Category Archives: Technology

eigoMANGA Has Launched A Free Streaming Service Called Comic Climax

eigoMANGA announced today that the company has launched a free comic media streaming service for iOS and Android called Comic Climax.

Comic Climax includes access to digital comics, video animation, and music soundtracks. Users are be able to stream and discover comic media, search and filter by genre, creator and title, save comics to read offline, as well as find out more about their favorite creators.

At launch, the service includes comic titles such as, ‘Give My Regards To Black  Jack’, ‘Vanguard Princess’, ‘Danity Kane’, ‘God Drug’, ‘Soul Ascendance’, original animation videos such as ‘Demian’, ‘Break Ups’, ‘Short Age’, the official soundtrack to the video game ‘Vanguard Princess’, and the award-winning feature-length animated film ‘Padak’ among others.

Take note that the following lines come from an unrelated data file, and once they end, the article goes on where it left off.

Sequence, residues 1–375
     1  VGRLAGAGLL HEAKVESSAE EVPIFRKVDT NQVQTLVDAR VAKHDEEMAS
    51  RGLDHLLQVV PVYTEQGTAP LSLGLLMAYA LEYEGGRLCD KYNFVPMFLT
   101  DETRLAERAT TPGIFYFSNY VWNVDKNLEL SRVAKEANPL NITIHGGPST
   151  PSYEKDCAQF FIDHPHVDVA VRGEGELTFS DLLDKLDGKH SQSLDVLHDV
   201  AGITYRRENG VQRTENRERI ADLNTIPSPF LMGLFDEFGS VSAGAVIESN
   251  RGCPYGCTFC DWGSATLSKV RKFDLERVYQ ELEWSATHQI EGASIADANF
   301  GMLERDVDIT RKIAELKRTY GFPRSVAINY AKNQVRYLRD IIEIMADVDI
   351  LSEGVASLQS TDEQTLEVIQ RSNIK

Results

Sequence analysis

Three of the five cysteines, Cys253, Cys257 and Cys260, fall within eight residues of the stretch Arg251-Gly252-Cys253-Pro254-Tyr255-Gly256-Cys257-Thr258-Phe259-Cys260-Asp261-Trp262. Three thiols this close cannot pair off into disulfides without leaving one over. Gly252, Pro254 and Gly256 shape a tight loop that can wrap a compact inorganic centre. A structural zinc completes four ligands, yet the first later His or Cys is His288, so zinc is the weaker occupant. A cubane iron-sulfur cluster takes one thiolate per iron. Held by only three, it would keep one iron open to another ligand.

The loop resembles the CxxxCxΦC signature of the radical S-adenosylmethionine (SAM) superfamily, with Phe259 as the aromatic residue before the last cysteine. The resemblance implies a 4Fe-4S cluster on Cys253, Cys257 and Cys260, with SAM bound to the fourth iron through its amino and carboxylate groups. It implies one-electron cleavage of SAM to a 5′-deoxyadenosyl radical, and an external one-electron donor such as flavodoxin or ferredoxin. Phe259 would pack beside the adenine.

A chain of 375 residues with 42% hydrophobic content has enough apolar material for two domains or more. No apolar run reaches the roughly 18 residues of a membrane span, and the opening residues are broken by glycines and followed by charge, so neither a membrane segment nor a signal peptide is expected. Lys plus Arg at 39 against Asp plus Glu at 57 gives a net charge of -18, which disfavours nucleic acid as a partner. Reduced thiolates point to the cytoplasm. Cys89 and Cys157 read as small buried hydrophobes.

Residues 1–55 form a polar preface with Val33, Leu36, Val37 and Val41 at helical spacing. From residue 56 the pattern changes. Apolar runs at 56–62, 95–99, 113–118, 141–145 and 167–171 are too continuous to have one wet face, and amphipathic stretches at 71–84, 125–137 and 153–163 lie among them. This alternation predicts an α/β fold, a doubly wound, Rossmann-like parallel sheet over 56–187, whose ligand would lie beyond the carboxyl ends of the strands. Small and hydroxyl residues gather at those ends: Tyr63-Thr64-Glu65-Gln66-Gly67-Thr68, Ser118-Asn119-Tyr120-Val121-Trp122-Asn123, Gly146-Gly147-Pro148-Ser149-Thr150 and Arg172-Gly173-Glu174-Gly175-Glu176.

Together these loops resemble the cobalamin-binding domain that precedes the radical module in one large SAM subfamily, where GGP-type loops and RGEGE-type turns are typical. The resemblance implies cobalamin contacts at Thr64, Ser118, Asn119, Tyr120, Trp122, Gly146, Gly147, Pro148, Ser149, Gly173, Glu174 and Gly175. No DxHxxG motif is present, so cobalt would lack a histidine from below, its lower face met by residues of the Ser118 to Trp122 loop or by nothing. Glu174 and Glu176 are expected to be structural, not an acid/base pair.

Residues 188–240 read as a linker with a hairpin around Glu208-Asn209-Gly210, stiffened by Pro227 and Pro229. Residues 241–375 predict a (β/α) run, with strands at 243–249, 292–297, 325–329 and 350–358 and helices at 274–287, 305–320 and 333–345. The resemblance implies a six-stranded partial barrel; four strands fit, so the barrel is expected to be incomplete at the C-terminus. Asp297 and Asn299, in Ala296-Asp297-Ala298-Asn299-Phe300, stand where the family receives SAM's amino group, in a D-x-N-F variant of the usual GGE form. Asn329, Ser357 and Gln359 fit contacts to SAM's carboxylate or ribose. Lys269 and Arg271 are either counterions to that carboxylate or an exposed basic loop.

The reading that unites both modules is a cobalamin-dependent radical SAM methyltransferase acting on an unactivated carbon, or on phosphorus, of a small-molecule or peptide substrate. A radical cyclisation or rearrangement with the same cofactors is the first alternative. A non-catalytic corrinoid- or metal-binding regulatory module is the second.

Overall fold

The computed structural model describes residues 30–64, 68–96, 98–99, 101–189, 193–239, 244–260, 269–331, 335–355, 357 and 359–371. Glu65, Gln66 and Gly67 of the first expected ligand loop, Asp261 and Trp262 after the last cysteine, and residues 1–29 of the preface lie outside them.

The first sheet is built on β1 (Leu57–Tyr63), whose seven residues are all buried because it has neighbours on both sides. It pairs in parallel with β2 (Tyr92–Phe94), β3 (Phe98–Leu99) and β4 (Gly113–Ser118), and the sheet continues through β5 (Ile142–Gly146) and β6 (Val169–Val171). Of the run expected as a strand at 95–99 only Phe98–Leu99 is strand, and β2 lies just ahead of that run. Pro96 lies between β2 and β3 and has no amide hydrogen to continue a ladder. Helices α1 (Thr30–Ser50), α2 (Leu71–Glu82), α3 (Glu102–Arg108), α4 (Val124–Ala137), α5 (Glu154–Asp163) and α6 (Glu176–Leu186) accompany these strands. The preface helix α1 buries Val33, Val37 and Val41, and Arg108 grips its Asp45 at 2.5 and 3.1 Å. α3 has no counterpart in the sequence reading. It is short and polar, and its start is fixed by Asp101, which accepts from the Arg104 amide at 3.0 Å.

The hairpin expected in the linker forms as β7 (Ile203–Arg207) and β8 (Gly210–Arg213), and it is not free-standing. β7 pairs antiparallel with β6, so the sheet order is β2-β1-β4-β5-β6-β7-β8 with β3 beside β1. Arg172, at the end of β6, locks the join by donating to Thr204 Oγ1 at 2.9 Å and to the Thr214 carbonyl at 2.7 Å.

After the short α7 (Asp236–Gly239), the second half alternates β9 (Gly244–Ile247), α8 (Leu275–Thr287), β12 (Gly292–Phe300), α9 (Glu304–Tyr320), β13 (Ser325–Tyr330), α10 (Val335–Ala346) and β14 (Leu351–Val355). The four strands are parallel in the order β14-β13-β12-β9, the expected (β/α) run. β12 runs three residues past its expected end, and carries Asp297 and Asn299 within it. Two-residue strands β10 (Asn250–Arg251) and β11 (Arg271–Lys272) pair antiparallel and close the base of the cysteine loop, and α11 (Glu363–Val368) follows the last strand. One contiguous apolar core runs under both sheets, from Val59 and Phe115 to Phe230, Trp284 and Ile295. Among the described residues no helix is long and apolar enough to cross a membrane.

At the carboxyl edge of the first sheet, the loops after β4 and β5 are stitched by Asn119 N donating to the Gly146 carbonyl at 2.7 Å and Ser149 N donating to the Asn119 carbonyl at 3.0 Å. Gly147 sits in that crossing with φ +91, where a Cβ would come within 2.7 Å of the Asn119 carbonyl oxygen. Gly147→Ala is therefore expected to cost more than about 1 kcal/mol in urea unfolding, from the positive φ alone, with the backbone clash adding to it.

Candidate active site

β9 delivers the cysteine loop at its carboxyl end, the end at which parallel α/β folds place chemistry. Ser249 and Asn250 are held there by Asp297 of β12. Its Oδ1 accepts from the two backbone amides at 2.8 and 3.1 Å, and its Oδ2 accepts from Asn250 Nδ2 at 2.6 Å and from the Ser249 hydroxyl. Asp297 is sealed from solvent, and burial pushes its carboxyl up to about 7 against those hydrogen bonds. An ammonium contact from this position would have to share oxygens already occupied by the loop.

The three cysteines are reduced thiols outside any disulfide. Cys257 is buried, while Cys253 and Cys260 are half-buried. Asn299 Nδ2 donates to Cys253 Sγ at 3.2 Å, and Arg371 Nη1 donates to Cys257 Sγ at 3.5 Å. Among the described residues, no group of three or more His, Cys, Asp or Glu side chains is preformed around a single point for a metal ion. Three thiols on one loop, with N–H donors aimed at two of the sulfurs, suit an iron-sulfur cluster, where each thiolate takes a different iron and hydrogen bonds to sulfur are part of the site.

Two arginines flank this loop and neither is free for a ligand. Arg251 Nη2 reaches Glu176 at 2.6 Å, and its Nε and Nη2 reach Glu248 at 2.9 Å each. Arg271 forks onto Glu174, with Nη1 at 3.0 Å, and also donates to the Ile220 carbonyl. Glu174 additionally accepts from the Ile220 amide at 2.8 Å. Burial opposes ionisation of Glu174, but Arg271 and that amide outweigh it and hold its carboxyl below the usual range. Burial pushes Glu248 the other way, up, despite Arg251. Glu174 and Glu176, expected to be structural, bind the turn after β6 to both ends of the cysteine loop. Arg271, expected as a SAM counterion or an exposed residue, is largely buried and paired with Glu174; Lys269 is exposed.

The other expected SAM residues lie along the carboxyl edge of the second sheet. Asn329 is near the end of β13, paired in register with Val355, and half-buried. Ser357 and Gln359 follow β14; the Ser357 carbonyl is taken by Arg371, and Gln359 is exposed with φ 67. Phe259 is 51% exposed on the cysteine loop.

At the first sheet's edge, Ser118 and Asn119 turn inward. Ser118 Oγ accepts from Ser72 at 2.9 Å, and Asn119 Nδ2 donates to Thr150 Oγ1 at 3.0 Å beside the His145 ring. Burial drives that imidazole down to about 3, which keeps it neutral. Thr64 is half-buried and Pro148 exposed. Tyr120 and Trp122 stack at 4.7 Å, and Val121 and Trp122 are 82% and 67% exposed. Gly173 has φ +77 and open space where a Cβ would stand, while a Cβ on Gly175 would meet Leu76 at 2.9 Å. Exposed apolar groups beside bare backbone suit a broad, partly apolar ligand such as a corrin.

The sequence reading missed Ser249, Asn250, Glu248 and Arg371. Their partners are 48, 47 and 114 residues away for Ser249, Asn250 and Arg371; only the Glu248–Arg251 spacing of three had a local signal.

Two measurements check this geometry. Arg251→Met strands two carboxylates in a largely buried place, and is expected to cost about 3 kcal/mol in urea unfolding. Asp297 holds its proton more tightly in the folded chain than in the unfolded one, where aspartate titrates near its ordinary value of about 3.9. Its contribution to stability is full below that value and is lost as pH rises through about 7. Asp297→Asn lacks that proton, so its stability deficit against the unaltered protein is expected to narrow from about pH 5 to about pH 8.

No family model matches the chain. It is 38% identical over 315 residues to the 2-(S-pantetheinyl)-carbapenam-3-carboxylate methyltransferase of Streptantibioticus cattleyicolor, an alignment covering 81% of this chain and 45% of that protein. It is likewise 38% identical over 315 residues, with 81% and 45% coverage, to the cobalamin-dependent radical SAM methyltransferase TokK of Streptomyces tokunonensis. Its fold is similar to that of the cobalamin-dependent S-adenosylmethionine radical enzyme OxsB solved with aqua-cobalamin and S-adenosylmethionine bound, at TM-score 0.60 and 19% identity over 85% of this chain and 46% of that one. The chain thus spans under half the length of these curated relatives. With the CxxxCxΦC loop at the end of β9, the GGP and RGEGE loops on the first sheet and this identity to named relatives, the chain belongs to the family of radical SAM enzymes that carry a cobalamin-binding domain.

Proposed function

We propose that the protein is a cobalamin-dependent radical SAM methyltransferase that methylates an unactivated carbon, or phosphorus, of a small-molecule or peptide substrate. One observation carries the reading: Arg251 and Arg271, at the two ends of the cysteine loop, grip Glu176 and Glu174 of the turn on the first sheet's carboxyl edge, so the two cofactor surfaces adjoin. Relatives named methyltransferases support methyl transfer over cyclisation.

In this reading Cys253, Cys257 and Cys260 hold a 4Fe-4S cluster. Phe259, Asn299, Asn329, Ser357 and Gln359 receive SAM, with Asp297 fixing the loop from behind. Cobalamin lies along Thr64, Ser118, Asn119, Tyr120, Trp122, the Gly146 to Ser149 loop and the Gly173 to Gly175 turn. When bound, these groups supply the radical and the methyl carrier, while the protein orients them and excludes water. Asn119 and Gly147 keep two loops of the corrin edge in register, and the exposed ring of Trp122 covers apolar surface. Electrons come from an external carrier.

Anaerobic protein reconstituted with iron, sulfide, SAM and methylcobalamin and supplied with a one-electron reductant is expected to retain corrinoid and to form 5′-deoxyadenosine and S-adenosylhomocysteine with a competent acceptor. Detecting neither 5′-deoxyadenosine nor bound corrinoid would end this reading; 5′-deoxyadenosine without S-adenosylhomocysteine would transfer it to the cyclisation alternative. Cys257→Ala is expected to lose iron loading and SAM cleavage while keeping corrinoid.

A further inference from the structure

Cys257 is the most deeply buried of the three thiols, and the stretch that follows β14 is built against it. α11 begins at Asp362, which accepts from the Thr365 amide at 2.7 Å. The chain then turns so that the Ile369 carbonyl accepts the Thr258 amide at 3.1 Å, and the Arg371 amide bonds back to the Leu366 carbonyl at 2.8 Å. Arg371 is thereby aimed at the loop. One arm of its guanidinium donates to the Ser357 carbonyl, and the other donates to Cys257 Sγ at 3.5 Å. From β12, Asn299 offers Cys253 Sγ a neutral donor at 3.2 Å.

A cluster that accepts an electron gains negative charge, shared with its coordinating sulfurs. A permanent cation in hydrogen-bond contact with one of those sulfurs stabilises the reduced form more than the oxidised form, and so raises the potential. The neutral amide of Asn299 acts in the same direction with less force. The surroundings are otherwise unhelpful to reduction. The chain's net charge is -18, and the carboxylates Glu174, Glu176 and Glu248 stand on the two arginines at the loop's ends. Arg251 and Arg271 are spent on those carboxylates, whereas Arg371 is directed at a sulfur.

Comic Climax is free to download worldwide on iOS and Android with no sign up required to access the streaming service.

Comic Climax is eigoMANGA’s latest digital comic distribution platform; in March 2018, the company released a virtual reality (VR) digital comic app for iOS and Android called ‘ComX VR’.

Disney+ Gets a Second Star Wars Live-Action Series Plus a Loki Live Action Series is Being Developed

Disney‘s much talked about digital service finally has a name, Disney+. Along with that announcement, Disney Chairman and CEO Bob Iger has revealed new series that are being developed for it.

The service is getting a second live-action Star Wars series. This series will focus on Rebel spy Cassian Andor during the early years of the Rebellion and before the events of Rogue One: A Star Wars Story. Diego Luna will reprise the role of Cassian Andor.

The service is also getting a live-action series centered around the Marvel character Loki and will star Tom Hiddleston.

This is on top of other new stories set in the worlds of Monster Inc. and High School Musical as well as another Star Wars set live-action series, The Mandalorian which takes place after the fall of the Empire and before the emergence of the First Order.

Disney+ is scheduled to launch in the U.S. in late 2019.

Around the DC Universe: Titans, Doom Patrol, Dark Victory, and Green Lantern